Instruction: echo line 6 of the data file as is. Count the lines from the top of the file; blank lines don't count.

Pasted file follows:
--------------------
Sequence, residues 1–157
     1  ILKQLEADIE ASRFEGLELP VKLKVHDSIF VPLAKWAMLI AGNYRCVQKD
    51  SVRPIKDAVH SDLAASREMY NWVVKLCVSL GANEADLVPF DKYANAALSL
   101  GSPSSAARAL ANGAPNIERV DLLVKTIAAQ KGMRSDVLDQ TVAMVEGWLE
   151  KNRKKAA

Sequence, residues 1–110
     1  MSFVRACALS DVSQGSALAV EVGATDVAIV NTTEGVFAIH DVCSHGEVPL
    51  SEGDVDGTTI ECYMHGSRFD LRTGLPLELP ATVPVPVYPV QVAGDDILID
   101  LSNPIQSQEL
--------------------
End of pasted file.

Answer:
Sequence, residues 1–110